As I’m late to this party, as I usually am with most shows, I’m not going to dive into the nitty-gritty of the story. I doubt I’ll be adding anything that hasn’t already been said before. Instead, I’m going to list what I enjoyed about this series and what I didn’t.
WARNING - This features SPOILERS as I can’t say what I enjoyed or didn’t without mentioning certain things.
5 things I enjoyed:
The characters. I, especially, loved the kids. The young actors, all new to me, (except for Millie Bobby Brown who I’d already seen in ‘Godzilla: King of the Monsters’), did an outstanding job bringing them to life without any hint of overacting.
The boys were very recognisable, I knew people just like them back in the 1980s who practically lived ‘Dungeons & Dragons’. The boys – Mike, Will, Dustin and Lucas – were instantly likeable and each had their distinct personalities.
Eleven brought out my maternal instincts. I found her a very engaging character and enjoyed her attempts at fitting into life outside the lab. The tension between the friends once she appeared added an extra frisson to the story.
At first, I was worried the teenagers were going to be cliched. To be honest, initially, I wasn’t that bothered with them, except for Jonathan, Will’s older brother. I thought he was going to be the angsty ‘bad’ boy, but he genuinely cared for his younger brother and his mum, which I found a refreshing change. As the series progressed, my interest in him, Nancy and Steve grew.
The adults. I was excited to see Winona Ryder back in a meaty role. She played the part of the worried, terrified mother so well, her physical appearance deteriorating with each episode. I loved her single-minded belief that Will was alive and trying to communicate with her.
I wasn’t sure about Chief Hopper, to begin with, thinking he was going to be a cliched character too. But I was pleasantly surprised with his character arc, and there were times I was genuinely worried for his safety.
The setting. The 1980s, so cheesy yet so recognisable for someone who spent her late teen years in this era! From the clothes to the big hair to the music, I loved it even while inwardly cringing at some of the ‘looks’.
The story. I loved the mix of horror and hidden experiments being conducted under the noses of an unsuspecting public, in an innocuous small town. It reminded me of Stephen King’s stories. That the monster wasn’t revealed straightaway was another plus point. The growing suspense, waiting for the final reveal, added to the horror.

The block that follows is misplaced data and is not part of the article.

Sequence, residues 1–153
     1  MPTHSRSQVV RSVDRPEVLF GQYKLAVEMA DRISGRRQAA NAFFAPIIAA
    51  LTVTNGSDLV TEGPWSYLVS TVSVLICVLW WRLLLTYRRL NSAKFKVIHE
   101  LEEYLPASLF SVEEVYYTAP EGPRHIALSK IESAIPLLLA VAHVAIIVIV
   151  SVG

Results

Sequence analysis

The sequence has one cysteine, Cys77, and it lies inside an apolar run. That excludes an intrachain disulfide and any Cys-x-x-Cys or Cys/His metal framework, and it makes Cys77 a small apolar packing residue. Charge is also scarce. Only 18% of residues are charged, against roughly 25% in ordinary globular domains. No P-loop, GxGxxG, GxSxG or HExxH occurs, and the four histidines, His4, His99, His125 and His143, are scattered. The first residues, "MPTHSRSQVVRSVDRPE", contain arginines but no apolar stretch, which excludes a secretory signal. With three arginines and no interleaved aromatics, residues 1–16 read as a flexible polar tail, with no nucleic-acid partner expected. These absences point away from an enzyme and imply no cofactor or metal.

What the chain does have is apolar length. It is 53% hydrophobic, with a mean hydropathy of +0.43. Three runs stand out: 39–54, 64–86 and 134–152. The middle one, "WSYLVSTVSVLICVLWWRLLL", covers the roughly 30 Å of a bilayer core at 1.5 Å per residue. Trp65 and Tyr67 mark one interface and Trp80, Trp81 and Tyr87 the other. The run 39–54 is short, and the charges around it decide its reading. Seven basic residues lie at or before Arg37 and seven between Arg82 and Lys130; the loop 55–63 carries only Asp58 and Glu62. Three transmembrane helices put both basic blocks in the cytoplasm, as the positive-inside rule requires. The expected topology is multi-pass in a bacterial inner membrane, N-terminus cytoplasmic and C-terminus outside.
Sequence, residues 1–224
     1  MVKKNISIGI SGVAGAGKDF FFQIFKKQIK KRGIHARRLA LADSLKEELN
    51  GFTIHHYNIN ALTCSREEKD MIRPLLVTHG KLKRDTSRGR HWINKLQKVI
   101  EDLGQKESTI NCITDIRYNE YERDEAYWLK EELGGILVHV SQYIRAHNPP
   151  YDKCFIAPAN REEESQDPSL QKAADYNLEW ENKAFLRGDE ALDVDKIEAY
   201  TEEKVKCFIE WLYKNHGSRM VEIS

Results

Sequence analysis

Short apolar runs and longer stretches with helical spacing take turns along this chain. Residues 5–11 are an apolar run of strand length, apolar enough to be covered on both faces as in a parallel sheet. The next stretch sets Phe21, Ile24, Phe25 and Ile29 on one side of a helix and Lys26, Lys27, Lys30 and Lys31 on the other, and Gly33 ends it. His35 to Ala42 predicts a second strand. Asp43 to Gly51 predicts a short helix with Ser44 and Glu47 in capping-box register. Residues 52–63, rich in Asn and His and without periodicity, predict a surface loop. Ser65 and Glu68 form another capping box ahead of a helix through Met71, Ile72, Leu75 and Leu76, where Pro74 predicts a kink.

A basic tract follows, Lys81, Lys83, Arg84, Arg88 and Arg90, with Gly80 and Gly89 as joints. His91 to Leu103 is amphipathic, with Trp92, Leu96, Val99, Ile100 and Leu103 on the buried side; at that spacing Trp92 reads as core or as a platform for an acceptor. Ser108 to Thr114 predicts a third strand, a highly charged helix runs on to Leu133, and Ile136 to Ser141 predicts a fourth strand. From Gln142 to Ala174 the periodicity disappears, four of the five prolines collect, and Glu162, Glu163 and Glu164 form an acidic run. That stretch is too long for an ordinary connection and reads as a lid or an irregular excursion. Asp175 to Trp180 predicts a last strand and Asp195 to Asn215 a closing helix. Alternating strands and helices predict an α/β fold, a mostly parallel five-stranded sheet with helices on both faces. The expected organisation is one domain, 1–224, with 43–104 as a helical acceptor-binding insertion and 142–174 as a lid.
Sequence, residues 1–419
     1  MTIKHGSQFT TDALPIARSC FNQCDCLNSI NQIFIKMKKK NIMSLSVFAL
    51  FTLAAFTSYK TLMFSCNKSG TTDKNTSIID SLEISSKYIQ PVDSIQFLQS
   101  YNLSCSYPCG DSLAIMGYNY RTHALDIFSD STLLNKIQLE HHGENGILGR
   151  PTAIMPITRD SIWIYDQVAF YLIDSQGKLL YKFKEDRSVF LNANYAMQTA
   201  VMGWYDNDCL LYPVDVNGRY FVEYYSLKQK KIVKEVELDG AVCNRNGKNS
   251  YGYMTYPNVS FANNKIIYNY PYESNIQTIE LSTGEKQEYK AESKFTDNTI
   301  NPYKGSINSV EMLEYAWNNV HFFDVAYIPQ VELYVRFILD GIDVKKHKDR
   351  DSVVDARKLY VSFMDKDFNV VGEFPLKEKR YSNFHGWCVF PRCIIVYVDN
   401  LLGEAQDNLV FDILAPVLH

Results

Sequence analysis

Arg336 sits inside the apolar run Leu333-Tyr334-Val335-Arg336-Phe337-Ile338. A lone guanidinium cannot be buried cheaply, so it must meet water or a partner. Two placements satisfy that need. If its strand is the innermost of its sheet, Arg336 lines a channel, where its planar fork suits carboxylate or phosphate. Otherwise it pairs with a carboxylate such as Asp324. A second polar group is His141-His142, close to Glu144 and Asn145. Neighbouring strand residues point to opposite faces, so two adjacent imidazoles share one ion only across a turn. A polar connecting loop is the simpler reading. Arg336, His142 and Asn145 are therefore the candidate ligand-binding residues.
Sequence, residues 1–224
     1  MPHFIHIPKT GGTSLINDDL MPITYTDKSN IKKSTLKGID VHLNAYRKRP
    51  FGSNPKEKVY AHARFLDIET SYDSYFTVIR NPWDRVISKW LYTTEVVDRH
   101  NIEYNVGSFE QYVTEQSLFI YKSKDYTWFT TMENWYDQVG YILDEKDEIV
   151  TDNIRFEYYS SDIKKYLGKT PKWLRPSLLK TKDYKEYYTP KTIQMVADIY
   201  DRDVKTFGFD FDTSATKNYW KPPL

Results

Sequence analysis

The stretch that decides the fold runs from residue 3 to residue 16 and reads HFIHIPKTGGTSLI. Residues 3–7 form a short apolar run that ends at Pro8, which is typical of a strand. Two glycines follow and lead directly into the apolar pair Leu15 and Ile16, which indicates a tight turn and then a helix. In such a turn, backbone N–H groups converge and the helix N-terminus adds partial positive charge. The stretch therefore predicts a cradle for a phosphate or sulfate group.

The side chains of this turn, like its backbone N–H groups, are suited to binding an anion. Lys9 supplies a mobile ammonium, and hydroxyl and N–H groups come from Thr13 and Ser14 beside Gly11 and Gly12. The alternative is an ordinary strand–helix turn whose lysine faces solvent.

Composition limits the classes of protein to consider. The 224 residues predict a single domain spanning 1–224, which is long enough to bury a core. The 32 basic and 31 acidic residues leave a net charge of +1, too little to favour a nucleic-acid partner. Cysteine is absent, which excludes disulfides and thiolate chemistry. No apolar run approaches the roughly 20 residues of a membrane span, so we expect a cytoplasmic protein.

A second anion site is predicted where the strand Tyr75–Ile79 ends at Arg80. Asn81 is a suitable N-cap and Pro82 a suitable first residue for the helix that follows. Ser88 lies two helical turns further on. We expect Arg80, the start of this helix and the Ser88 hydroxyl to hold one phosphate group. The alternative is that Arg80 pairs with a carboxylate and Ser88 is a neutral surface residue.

The pacing. The story was told in 8 episodes. It went straight to the meat of the story with no extraneous fluff. There were moments where you could catch your breath, but, always, in the background, there was the slow build-up of tension. Even during the ‘teen get-together by the pool when the parents are away’ scene, I found myself waiting for something to happen.
The concept of the ‘upside down’. I know it’s been done before, parallel worlds and all that. But I found this one particularly fascinating. Mirroring the real world, with the colour leeched out of everything; giving the impression that the air is thick and heavy, making moving through it treacherous… And not knowing where the exit/entry point is. Scary stuff.
Now, 5 things I didn’t like, and these are all post-Season 1:
Not ending. As with most things these days, I find after a strong first season, subsequent seasons fall flat. Despite how much I loved Eleven, I wish the show had ended with Season 1. At a push, I found Season 2 was ok. The only thing I enjoyed about it was the relationship between Hopper and Eleven; I’d have enjoyed it even more if that had been explored further.
Splitting the group. One of the things that made Season 1 so good was the boys and Eleven working together to save Will. Having Eleven go off on her own to discover more of her story messed with the pacing. As for the Chicago episode, the less said, the better.
Season 3. Why? If they needed another season because the show had proved more popular than they thought it would, end it at Season 2. The last scene, at the dance, would have made a lovely ending to the whole thing. Yes, it was nice seeing the young cast that bit older, but honestly, the pacing was all over the place. And there was no horror to the monster, only stomach-churning ickiness.
Too many groups. In Season 3, to begin with, there were 5 groups – Eleven and Max (who’d been introduced in Season 2, another girl to add to the group dynamic); Mike, Will and Lucas; Dustin, Steve and newcomer, Robin; Nancy and Jonathan; and the adults, Hopper and Joyce. Eventually, we had 3, when Eleven and Max joined forces with Mike, Will and Lucas, Nancy and Jonathan. The groups finally all got together in the last episode. One could say, that last episode was the payoff, but what a slog to get to it! Even then, there were a couple of scenes in that final episode that, again, threw the pacing off.
Hopper and Joyce. What did they do to them? From the wonderful character development in Season 1 and 2, Hopper had been reduced to a grunting child-man. And Joyce… well, it’s as if they didn’t know what to do with her. What a waste.
There’s been confirmation of a fourth season. I’ll watch it, for curiosity’s sake, but they’ll have to pull something pretty spectacular out the bag to match Season 1.